For people who live in multiple unit buildings, there are very likely restrictions against doing laundry, running a dishwasher, etc., during the overnight hours!

I hope that B.C. Hydro does not eventually intend to impose this new format on all customers.

Roel Hurkens


We all need to decide where our loyalties lie

Re: “Provincial politicians need to decide where their loyalties lie,” editorial, June 7.

There is a world of difference between election cycle politics and true public service. Election cycle politicians are at best only interested in short-term local projects they can take credit for before the next election.

Public servants work toward a better future for us all. Since the children are our future, perhaps we should focus on them. Not only politicians, but all of us must decide where our loyalties lie.

Graeme Gardiner


A quick explanation of no-fault benefits

Your readers might be wondering why no-fault insurance was invented. The troubles of my friend Joe will clarify.

Joe’s car was T-boned by another car that ran a red light. Both Joe and the other driver had insurance.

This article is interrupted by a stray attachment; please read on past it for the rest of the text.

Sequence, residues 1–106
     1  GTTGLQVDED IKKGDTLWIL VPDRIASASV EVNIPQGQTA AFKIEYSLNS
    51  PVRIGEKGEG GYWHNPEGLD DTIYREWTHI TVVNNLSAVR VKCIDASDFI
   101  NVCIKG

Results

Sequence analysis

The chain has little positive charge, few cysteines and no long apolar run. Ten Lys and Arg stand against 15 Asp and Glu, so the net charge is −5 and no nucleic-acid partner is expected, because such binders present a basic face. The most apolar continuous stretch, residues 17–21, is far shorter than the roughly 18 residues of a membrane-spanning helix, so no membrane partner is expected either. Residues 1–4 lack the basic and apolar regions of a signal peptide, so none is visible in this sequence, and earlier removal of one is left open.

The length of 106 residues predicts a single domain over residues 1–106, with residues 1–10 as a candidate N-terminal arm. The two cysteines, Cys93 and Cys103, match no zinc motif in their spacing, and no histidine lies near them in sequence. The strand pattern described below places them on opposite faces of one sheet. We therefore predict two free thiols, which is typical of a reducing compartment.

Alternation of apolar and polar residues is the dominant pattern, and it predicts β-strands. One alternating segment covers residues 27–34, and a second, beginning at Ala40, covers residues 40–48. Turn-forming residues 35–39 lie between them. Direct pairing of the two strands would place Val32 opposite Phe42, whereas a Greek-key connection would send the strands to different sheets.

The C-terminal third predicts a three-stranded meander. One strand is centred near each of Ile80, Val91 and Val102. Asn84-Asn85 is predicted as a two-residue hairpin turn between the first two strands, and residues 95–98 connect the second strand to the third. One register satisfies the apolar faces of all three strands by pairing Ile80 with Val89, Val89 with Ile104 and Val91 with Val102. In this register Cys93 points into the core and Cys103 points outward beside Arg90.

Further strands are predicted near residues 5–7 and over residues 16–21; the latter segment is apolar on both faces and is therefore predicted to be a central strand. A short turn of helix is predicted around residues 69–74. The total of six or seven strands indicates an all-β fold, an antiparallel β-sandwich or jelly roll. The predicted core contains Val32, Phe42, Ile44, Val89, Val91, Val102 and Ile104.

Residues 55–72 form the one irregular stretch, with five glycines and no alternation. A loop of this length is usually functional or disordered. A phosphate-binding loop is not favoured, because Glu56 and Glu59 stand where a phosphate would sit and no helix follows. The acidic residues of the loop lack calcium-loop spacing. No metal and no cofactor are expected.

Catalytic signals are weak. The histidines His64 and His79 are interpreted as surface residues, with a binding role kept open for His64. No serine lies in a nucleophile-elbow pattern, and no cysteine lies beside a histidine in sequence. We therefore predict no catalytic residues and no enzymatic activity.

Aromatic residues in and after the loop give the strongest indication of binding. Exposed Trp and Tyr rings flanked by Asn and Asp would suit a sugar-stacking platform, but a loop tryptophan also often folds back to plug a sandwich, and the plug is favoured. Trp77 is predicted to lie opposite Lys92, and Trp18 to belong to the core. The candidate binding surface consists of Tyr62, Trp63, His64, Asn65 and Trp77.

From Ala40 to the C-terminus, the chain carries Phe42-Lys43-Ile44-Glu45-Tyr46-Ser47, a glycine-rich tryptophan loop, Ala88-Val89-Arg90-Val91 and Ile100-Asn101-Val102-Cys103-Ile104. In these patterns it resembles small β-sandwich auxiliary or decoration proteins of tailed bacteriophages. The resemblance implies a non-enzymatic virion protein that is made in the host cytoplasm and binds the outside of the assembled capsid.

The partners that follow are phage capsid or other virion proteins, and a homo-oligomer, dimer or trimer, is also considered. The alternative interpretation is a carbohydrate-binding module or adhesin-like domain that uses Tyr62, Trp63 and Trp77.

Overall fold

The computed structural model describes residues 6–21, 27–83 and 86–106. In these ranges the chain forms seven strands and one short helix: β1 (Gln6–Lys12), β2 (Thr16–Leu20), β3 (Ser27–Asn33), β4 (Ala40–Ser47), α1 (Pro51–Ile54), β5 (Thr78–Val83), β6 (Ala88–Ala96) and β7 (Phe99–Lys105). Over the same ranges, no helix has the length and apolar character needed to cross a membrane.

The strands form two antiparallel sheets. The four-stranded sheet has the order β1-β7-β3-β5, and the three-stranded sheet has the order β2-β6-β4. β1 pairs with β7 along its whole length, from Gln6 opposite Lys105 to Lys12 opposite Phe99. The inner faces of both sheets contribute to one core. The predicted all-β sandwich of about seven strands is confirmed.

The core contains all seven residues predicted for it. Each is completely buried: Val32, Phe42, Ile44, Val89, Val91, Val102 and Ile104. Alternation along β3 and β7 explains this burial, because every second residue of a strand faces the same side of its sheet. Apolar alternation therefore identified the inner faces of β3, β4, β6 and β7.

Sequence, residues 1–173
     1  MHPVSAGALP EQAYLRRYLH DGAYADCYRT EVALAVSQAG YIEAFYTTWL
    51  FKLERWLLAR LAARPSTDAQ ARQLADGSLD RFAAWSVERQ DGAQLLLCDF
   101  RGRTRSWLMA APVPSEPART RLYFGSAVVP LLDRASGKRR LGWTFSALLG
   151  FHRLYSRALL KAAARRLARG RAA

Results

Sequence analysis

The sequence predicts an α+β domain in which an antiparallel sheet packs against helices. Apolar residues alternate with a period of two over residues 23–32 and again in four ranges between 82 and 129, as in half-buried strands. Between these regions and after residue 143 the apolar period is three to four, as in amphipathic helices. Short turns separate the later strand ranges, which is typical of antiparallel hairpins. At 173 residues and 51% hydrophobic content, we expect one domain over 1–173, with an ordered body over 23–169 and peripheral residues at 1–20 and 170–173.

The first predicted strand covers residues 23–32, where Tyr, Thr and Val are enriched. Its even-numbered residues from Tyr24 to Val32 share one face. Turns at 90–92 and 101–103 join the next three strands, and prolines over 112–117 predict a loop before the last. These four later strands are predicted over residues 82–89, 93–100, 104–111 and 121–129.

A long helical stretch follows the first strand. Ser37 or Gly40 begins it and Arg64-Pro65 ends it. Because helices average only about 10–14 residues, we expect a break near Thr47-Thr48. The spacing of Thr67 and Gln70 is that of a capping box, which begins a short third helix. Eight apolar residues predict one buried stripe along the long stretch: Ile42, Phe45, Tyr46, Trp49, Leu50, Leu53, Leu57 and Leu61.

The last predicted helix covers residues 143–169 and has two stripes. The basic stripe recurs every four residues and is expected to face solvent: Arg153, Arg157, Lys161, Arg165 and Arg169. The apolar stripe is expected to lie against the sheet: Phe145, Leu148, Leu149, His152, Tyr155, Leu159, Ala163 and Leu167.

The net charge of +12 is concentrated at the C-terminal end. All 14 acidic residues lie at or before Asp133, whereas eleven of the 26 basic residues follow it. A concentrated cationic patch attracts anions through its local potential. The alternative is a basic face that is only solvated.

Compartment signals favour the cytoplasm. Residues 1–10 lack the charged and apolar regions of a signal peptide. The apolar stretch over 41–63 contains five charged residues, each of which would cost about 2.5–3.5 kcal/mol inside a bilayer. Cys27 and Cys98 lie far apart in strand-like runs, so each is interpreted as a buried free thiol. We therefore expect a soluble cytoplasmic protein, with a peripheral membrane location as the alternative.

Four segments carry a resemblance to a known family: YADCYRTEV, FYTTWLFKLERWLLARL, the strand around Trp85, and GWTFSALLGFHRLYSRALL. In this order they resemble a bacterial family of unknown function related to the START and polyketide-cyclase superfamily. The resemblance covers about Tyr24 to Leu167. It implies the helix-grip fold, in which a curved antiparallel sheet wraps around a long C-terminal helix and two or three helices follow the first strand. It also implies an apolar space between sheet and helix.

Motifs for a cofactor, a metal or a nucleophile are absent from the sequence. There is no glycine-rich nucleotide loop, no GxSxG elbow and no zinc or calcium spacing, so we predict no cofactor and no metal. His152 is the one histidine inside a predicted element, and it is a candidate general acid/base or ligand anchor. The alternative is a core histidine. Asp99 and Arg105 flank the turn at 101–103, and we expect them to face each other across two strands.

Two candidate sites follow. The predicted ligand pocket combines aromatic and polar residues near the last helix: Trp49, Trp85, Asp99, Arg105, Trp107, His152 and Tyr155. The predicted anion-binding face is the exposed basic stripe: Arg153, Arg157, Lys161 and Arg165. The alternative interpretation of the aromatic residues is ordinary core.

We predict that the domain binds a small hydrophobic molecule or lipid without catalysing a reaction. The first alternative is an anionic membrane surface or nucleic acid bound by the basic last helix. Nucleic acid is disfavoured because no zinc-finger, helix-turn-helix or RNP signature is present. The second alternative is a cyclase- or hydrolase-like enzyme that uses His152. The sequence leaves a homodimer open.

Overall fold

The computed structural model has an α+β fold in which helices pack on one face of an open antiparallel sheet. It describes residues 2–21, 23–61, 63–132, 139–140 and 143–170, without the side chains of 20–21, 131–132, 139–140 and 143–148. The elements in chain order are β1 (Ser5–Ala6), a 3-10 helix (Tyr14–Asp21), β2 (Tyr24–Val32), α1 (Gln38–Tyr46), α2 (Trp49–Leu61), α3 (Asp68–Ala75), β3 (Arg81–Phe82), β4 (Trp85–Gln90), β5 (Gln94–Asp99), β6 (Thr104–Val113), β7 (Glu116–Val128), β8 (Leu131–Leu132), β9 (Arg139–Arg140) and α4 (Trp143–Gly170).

However, neither insurance company wanted to pay unless their insured driver was proven to be at fault for the collision. The insurance companies sued each other back and forth for months. Joe did not receive any money.

Joe was seriously injured. He could not work. He lost his house. His marriage broke up. His life was ruined.

If he had been carrying no-fault insurance, Joe would have been compensated by his insurer in accordance with his policy. The insurance companies could sue each other as long as they wanted — leaving Joe out of the squabble.

The no-fault principle has clear benefits for drivers. It is too bad the implementation here in B.C. is scrambled up with minor considerations.

David Stocks


Be careful about sources for news, information

Re: “Free speech is indispensable to social justice and democracy,” ­commentary, June 6.